How Long Does It Take to Break a Habit

Some people argue that it takes at least 21 days to break a habit – you’ve probably set this goal for yourself before. Is this a realistic timeline?

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someone writing on a habit tracker

We all have a bad habit we’re trying to break. Whether it’s smoking, eating junk food all the time, or spending too much time on the couch, bad habits are normal. 

But, breaking a habit isn’t as simple as simply stopping such behavior, though at least acknowledging the habit is a good start. Still, it takes time to break the habit. 

First, let’s go over what a habit is. We can think of it as a mental shortcut formed through repetition, environmental factors, and behavior reinforcement. Some habits are helpful and useful, like exercising every day, and others are not helpful and not useful like an addiction. 

The short answer: 21 days

Some people argue that it takes at least 21 days to break a habit – you’ve probably set this goal for yourself before. Others suggest that breaking a habit takes longer, even several months. 

In reality, there’s no set-on-rock time frame for how long it takes to break a habit, probably because:

  1. Not all habits are formed the same
  2. Habit-forming is a very personal process
  3. Some habits cause brain changes that make them more challenging to overcome

Keep reading for more information on how long it takes to break a habit and some tips to help you get there. 

The explanation behind that answer

Before becoming a psychologist, we can link the “21-day” explanation to Dr. Maxwell Maltz, a plastic surgeon. In his practice, he suggested that people needed about three weeks to get used to different facial features, cope with the absence of a limb after amputation, and get accustomed to a house they’ve just moved to. 

Maltz’s theory is that he mainly was basing his ideas on patient reports rather than scientific evidence. 

Maltz’s theories are that none of the above scenarios are habits people want to break. Instead, they’re examples of the process of becoming accustomed to something new. 

Breaking a habit tends to involve a more conscious effort. While habituation refers to something you’ve already changed (like plastic surgery) or that’s out of your control (losing a limb). 

How long does it take realistically?

Here’s the reality, there’s no one timeline for how long it takes to break a habit. Some people say it takes 30 days to break an addiction. Yet, we all know that people with addiction tend to struggle with substance use disorders for a lifetime. So, how long it takes to break a habit depends on:

  • How long you’ve had the habit
  • Whether this behavior is part of your daily routine or not
  • The kind of rewards you get from it
  • Your motivation
  • The type of habit

For example, some people drink socially to be more relaxed. It’s easier to pick up this habit because they get an instant reward: meeting friends is easier. In this case, drinking = social connection. 

However, in this particular example, the substance involved in the habit itself makes it more challenging to break the habit. Alcohol is known for changing the way our brain’s reward system operates. Eventually, people who binge drink or drink in excess can develop an alcohol use disorder

In this case, breaking their drinking habit isn’t just about reward mechanisms but about re-training their brain to find different ways to light up without the substance.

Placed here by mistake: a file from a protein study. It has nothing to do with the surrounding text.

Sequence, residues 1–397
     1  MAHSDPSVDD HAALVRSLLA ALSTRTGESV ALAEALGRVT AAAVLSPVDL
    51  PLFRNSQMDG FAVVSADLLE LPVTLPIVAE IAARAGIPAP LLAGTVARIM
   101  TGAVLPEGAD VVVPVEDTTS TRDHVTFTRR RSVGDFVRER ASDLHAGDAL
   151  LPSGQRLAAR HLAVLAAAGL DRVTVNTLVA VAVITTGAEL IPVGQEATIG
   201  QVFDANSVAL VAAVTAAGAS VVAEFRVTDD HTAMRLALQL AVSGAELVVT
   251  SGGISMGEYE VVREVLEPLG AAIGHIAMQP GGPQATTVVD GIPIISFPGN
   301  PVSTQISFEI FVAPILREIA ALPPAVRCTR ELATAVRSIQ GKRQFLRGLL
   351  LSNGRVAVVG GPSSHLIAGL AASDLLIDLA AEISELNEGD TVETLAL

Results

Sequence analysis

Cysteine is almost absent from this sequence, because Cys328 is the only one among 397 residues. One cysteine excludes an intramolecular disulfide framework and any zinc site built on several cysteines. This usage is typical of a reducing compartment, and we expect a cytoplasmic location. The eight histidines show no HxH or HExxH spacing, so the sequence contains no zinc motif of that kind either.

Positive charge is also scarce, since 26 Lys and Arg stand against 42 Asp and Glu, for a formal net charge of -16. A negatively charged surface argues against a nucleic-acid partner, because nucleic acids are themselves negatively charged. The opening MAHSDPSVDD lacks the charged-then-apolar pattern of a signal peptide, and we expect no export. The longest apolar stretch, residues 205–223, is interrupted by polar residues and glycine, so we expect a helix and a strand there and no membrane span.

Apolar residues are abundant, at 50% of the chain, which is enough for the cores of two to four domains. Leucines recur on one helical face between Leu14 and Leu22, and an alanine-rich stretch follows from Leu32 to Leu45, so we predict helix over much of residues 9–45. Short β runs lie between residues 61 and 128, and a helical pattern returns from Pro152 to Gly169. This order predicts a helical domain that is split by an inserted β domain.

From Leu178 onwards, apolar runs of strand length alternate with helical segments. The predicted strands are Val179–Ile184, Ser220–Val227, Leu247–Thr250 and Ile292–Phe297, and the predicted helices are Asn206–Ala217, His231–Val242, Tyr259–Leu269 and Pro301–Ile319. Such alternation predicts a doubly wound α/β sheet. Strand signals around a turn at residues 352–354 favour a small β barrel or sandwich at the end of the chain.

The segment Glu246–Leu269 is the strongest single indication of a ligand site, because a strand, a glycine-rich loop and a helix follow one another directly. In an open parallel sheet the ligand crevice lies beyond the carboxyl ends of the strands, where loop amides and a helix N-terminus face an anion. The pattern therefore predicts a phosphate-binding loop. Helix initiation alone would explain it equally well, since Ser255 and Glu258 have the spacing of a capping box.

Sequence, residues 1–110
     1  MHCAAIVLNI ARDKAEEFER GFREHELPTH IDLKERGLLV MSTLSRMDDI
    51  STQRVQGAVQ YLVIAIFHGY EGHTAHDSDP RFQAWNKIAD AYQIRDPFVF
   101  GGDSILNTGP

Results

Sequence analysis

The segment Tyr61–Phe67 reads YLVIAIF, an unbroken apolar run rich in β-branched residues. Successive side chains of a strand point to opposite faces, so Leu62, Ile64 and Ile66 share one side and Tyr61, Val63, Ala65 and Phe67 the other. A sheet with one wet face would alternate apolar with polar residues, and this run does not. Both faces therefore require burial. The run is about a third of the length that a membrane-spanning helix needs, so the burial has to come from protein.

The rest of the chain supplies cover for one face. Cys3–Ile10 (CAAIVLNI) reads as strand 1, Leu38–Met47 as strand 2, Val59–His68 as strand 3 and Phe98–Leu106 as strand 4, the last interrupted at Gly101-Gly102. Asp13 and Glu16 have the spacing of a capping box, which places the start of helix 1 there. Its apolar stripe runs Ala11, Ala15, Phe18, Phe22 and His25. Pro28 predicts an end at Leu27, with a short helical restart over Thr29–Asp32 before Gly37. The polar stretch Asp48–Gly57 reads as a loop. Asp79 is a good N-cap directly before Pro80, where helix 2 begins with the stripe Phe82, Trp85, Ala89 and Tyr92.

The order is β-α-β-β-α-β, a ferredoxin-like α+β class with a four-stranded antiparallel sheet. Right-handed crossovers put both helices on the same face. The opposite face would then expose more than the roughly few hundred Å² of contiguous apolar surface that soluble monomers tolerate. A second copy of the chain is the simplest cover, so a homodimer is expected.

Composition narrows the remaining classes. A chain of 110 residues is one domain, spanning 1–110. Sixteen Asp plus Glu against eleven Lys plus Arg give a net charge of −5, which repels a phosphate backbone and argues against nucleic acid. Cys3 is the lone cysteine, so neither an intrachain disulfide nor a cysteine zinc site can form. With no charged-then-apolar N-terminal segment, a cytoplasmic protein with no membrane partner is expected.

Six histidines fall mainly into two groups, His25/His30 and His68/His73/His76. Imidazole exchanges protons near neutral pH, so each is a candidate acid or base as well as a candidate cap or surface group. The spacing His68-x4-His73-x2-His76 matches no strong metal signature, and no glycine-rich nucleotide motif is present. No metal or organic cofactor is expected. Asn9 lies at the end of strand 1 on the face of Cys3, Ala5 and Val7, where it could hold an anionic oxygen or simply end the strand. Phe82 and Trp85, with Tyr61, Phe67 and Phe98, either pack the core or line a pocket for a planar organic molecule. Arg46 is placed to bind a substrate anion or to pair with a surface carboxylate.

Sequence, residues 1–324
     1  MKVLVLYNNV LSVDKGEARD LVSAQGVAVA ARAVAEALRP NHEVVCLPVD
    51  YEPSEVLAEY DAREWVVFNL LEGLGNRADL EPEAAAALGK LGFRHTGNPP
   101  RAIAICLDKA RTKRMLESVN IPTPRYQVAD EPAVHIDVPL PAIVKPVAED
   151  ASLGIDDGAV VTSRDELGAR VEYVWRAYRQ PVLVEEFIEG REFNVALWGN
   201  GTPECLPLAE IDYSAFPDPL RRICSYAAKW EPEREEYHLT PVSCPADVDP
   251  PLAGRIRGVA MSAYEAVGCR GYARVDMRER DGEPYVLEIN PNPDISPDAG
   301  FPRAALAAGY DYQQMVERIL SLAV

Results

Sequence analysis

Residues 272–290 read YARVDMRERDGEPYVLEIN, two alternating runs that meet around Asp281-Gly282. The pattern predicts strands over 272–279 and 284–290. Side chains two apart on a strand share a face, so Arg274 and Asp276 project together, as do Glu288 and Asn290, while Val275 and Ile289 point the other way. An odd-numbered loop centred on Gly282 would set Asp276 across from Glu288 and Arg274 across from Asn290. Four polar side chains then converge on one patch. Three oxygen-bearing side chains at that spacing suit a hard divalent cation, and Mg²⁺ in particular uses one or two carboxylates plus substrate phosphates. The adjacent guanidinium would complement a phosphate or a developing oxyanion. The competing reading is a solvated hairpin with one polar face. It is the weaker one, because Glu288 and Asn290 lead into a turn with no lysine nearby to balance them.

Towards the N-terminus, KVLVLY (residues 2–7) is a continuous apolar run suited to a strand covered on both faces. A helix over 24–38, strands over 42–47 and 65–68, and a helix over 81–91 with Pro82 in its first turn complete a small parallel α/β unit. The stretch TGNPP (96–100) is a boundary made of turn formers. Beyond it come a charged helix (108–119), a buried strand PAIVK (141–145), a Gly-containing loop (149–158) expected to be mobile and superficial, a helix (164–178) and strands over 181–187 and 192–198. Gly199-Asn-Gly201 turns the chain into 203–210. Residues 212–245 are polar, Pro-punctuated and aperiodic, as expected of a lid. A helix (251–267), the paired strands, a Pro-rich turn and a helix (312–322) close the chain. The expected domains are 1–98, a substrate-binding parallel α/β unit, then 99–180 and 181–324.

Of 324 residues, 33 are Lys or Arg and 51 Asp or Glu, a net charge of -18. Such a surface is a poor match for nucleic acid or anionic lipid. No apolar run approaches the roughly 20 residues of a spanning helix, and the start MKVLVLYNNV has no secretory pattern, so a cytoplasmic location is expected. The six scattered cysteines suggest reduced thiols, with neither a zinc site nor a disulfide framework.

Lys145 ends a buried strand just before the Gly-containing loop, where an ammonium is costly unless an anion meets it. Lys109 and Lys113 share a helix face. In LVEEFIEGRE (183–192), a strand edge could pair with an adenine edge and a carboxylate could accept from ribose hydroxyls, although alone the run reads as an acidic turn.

Research from 2012 says it takes about ten weeks or two and a half months to form a habit. That coincides with evidence from 2009 that says it takes anywhere between 18 to 254 days to break a habit. Most people are starting to embrace a new habit after 66 days. 

Tips for breaking a habit

Of course, change isn’t easy. After all, we are creatures of habit, right? Most of the time, we have habits we don’t even realize–biting our nails, cracking our fingers, or staying up late every night for no reason. These become an automatic response to something that we don’t recognize yet. 

While some habits are easier to break than others, here are some tips that can help you get started:

  • Recognize your triggers – evaluate your surroundings and try to see what triggers your bad habits. For example, if you grab snacks every time you feel stressed or bite your nails whenever you feel anxious. Write down each of your triggers and acknowledge them to become more self-aware of what’s happening. 
  • Change your environment – sometimes, you have to change your surroundings to break bad habits like smoking or drinking. This could mean getting rid of anything that reminds you of the habit, including friends and often family members, until you feel confident enough to be exposed to your triggers. 
  • Get an accountability partner – this is why support groups are so influential in addiction recovery; having an accountability partner can help you stay on track with your goals. 
  • Reward yourself – just like your brain gets an instant reward after you execute bad habits, do the same for good behavior. Whenever you engage in a good habit and reach a small goal, reward yourself for improving the chances of breaking the habit. 

The takeaway

In reality, it takes longer than 21 days to break a habit. There are many factors involved in the process of breaking bad habits. Still, you can always take on the challenge of breaking old habits. Plus, you know that you can reach out for professional help to break harmful behaviors like substance abuse, violent behavior, and behavioral addictions such as gambling. 

Find the help you need to start breaking habits – regardless of how long it takes you. 

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